Jumping Clinic With George Morris

George Morris critiques a foxhunter.
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© Kool Shots

© Kool Shots

In this refreshing foxhunting photo, the rider has lost her leg a little to the rear but that’s because this horse really cracks his back and jumps up and round. As a result, her heel isn’t down as far as it could be. With a horse who jumps like this, the rider should shorten her stirrup a hole or two, but it’s admirable that she’s kept her leg as stable as it is with this horse’s thrust. The rider also should angle the stirrup iron so the outside branch leads the inside branch and it is at a right angle to the girth.

Her seat is out of the saddle a little farther than I’d like it. Approaching the fence, she may be trying to create impulsion by pushing with her seat rather than closing her leg. Her posture is good and her back is flat. She’s using more of a long crest release, which is a very good technique when a horse jumps like this. She’s doing a heck of a job.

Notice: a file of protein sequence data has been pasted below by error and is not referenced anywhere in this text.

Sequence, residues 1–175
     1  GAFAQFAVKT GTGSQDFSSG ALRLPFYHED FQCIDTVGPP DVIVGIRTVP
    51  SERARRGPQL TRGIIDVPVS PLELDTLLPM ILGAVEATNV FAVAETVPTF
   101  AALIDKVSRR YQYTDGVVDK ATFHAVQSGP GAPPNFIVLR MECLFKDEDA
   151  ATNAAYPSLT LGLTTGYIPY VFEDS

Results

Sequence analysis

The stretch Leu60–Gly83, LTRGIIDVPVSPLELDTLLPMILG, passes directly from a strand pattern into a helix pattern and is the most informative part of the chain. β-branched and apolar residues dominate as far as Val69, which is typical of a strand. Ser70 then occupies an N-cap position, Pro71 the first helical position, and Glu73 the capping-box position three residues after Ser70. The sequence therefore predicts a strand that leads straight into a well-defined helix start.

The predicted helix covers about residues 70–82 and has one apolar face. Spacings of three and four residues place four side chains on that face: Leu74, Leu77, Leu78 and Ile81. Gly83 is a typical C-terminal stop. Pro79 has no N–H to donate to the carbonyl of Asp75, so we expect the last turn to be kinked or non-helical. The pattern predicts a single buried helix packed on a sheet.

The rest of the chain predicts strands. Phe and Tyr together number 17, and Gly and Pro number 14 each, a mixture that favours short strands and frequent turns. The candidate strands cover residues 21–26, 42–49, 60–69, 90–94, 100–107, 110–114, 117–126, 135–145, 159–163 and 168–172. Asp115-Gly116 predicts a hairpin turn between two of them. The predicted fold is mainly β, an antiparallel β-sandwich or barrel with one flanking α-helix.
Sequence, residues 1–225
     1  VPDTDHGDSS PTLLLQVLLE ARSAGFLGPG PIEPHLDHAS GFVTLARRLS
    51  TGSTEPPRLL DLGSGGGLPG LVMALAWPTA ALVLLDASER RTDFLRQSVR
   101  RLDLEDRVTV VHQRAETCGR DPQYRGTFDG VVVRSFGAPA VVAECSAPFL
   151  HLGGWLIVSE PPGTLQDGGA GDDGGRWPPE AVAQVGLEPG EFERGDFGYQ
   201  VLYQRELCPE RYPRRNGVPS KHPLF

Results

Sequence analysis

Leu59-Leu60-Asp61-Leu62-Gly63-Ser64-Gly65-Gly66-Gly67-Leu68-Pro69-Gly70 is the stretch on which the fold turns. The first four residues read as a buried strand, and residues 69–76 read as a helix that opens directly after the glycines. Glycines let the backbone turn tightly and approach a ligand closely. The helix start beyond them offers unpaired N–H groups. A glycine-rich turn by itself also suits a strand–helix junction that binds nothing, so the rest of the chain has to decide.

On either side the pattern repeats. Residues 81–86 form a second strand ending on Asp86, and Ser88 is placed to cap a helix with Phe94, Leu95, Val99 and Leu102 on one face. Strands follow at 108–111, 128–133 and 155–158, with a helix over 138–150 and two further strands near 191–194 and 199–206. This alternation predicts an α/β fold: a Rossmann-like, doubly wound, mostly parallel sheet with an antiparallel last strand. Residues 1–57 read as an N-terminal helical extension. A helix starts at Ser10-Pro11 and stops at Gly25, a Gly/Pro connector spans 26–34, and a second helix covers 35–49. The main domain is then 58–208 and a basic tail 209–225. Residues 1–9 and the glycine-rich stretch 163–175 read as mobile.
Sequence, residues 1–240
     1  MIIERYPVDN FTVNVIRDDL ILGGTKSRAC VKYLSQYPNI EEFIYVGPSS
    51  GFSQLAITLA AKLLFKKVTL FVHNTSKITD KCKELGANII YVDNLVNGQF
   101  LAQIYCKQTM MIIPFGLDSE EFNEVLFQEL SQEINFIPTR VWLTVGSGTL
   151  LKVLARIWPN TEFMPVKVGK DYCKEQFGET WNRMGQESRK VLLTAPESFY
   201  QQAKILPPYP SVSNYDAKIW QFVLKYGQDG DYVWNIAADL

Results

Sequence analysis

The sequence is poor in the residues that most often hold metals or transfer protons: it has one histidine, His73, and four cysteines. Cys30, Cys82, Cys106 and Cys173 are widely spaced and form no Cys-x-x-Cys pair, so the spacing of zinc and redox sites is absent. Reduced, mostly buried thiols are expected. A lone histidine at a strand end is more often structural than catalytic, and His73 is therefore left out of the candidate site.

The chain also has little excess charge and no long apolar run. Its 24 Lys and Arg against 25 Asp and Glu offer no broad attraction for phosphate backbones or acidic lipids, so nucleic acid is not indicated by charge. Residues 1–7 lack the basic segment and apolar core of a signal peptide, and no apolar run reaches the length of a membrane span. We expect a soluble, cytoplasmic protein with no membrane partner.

In addition to a very round bascule, this horse is very symmetrical in front but loose. He may be jumping way up to compensate for a front end that is not so tight. This form would be a problem in the hunter ring, where many judges favor a tight, even front end over bascule. But for a jumper, I prefer horses who don’t have the best front end but really jump up with their bodies. Beezie Madden’s Authentic always had a little bit of a front-end issue, which is why he was so careful. Most top jumpers don’t have the perfect hunter front-end style. 

The horse is well cared for and clean. His front legs are muddy, but that’s what happens when riding across the country. He’s well turned out for hunting, and I like the figure-eight noseband. I don’t like the elastic breast plates because I saw a horse choking on one that had slipped. The rider looks clean and her clothes are clean and well fitted.

This article originally appeared in the October 2015 issue of Practical Horseman.

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